Pele, as part of his ambassador duties for Fifa during the 1989 U/16 World Cup, visited Dens Park along with Scotland head coach Andy Roxburgh.
The Dundee FC ground was a venue for some of the group games played, and the great Brazilian – for many years undisputed best player in the world – is shown displaying his talents in front of several local youngsters.
Can we name any of them?
Also, did any go on to play in senior football?
A story aired in this column over a decade ago has surfaced again at the hands of Andy Walker.
However, for the benefit of relatively new readers to this page, it is worth another airing.
The Lochee scribe opened: “In season 1948-49, in the Dundee Half- Holiday League, Central Wednesday FC were playing an RAF Leuchars team on Fairmuir Park.”
Before Andy continues, younger readers may not know about the Dundee Half-Holiday League (this league was also mentioned by another Lochee resident Kenneth Brannan in our May 23 issue).
In the ‘olden days’, a high majority of works, shops and companies gave their workers a half day off on Wednesday afternoons.
This led to the formation of said football league, which was very popular until its demise in the early 1960s.
Back to Andy, and he continued: “Central were playing out of their skins, but the RAF side flew into a 3-0 lead.
“In the second half, the Dundee side had an amazing period as they scored three times to draw level at 3-3.
“Then the RAF player, who had been outstanding over everybody, took the game by the scruff of the neck– amazingly notching three goals in seven minutes.
“The player who played opposite the goalscorer was called Russell Powrie, and he informed Dundee United official Ernie Robertson, who arranged to have the player watched when the airforce side took the field for their next match against YM Anchorage.
“YM were the reigning champions of the Midland Amateur FA but they were brushed aside as the big ‘six-footer’ ran amok, destroying all before him.”
Dundee United were suitably impressed, as Andy continued: “The Tannadice side immediately offered him terms to sign for them.
“Then he dropped the bombshell, he could not sign as he was a Sheffield Wednesday player!
“The player was none other than the great Derek Dooley.
“I say great because what he did in a very short career (four years) was fabulous.
“I believe he also played against Tayport, scoring six times against them.
“Around that time, it is thought that many future stars, who were not from the city, turned out on the pitches in Dundee.”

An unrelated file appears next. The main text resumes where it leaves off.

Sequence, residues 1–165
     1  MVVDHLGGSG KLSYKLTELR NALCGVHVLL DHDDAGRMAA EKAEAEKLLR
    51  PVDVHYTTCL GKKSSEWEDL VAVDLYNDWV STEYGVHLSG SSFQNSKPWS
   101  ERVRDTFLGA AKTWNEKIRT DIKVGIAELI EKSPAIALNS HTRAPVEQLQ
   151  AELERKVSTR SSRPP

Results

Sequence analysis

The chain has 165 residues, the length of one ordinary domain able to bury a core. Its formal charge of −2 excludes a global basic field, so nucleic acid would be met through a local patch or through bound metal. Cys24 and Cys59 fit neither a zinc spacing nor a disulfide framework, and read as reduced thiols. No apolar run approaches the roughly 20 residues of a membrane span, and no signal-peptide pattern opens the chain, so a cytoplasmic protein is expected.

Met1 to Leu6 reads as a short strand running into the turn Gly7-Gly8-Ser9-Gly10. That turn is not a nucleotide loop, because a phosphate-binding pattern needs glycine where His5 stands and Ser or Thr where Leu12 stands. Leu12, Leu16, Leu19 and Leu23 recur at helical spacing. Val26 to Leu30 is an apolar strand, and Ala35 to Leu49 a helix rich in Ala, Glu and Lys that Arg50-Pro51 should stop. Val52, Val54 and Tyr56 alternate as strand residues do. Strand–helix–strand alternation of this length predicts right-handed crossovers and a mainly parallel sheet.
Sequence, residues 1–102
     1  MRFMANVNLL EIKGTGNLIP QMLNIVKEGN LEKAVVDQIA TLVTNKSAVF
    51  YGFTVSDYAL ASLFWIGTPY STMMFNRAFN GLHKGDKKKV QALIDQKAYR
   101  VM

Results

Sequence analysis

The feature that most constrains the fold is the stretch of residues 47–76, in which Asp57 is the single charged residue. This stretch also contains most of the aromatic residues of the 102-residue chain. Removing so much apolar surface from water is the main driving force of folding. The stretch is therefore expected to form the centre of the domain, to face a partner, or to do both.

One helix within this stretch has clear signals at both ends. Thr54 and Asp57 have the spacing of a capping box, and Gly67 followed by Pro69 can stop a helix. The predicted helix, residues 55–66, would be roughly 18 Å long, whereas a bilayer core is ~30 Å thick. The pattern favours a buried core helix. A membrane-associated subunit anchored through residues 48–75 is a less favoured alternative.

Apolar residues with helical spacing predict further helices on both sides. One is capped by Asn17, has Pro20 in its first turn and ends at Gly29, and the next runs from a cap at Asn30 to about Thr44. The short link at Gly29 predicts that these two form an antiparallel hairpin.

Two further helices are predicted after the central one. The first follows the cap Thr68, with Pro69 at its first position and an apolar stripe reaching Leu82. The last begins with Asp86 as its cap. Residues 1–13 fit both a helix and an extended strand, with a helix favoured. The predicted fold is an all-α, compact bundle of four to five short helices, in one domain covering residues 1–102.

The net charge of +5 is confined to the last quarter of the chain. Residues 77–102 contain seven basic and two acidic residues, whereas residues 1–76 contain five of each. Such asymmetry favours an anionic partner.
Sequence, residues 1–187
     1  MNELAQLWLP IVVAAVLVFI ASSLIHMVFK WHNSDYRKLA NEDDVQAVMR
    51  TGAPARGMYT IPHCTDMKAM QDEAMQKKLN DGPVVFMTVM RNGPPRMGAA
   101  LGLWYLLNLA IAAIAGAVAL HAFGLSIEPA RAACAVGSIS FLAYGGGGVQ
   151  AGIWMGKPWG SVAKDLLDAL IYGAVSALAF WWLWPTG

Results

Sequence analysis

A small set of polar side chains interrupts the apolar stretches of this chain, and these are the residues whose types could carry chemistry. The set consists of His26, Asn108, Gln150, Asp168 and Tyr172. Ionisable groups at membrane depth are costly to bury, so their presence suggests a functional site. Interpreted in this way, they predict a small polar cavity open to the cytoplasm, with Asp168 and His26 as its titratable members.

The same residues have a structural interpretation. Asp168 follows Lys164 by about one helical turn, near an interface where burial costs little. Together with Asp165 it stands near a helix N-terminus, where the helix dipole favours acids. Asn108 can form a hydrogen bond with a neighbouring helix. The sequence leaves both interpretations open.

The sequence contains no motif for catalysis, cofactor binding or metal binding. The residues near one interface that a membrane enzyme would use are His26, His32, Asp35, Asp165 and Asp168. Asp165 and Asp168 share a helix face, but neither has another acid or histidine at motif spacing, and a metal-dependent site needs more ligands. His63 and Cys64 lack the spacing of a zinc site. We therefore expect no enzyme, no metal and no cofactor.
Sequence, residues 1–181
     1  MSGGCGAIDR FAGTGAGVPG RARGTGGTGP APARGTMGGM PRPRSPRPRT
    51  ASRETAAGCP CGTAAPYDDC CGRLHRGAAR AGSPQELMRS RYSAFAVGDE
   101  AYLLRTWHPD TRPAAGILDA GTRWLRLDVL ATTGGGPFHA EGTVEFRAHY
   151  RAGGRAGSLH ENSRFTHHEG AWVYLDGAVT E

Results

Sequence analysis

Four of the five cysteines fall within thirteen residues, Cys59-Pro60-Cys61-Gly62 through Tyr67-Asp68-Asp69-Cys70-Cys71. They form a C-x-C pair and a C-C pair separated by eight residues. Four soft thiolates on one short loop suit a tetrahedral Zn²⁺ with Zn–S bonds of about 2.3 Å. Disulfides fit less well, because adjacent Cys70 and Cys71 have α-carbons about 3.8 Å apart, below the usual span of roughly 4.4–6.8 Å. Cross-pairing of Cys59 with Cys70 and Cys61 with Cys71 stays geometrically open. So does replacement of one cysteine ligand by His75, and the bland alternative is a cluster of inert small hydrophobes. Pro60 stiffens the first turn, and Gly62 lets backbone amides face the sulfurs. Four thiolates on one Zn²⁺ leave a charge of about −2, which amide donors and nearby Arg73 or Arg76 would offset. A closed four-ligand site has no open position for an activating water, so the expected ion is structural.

On May 16, Delia Gallagher appealed for information on an Alex Houston, a Scotsman who played professional football in Wales.
Andy Boyd sent in some details, which suggested he married a Welsh lady called Elsie Jones, who he first met when he went south to play trials for Swansea in 1919.
There are also newspaper cuttings which suggest he was one of three Players signed by the Swans in August that year, the others being T Yule and J Collins.
He may also have played for Southampton, and is reckoned to have lived in the Manchester area in 1948.
Monifieth reader Harry Watson tried to catch me out with an old favourite.
Approaching me in a hostelry, he asked if I knew the name of the golfer who was Open champion for seven consecutive years!
Mind you, Harry’s query stumped the other people in the company.
Calmly settling my sarsaparilla to one side, I responded with Dick Burton.
Englishman Dick won the Open Championship in 1939 and, as the tournament was suspended because of the Second World War, it meant he didn’t defend the trophy until 1946 when Sam Snead won the 75th Open at St Andrews.
Lochee’s Jim Wilson asked which team was most successful in the old Dundee Junior League.
The league ran from 1895-96 until regionalisation in 1969.
Lochee Harp were champions on 20 occasions, which is double that of Dundee Violet on 10.
Carnoustie Panmure picked up seven titles, one more than North End.
Compiling the May 2 issue, which featured an old Carnoustie Juniors photo, one name stuck out.
The surname Boag was attributed to one of the players and I wondered if he could be a family connection to Rob Boag.
Canadian resident Rob often contributes to BwB and, sure enough, 24 hours later, the former Lochee man positively responded.
He opened: “That is a wonderful Carnoustie FC photograph. My Uncle Dickie Boag was in that team, and I’m guessing that photo was taken in 1946-47.
“Sadly, he passed away from cancer in 1948.”
Rob also sent in a photo, and continued: “Dickie is also in the attached Scottish Junior team who played England on April 7, 1933, at Windmill Ground, Leamington.
“Dickie’s in the second row up, third in from the right, and another Dundonian, Jimmy Briggs, is in the same row, second in from the left.
“The score was 2-1 for Scotland, with Dundee lads Boag and Briggs the goalscorers.”
The Scotland team was – Gourley (Dunipace); McDonald (Bonnyrigg Rose), McLure (Parkhead); Corrance (Renfrew), Lyon (Kirkintilloch Rob Roy), McDonald (Tranent); Naughton (Larkhall Thistle), Briggs (Dundee Violet), McKillop (Rosslyn), Duffy (Yoker Athletic), Boag (Lochee Harp).
Football players, managers and staff are always sought for quotes by the media.
I’m continuing to share some of them with you, which are associated with the Scotland international team.
On the night before Scotland visited England in 1928, Scots captain Jimmy McMullen addressed his squad with the words: “Go to your beds and pray for rain!”
The weather duly obliged and, on a slick surface suited to skilled ball-players, the ‘Wembley Wizards’ won 5-1!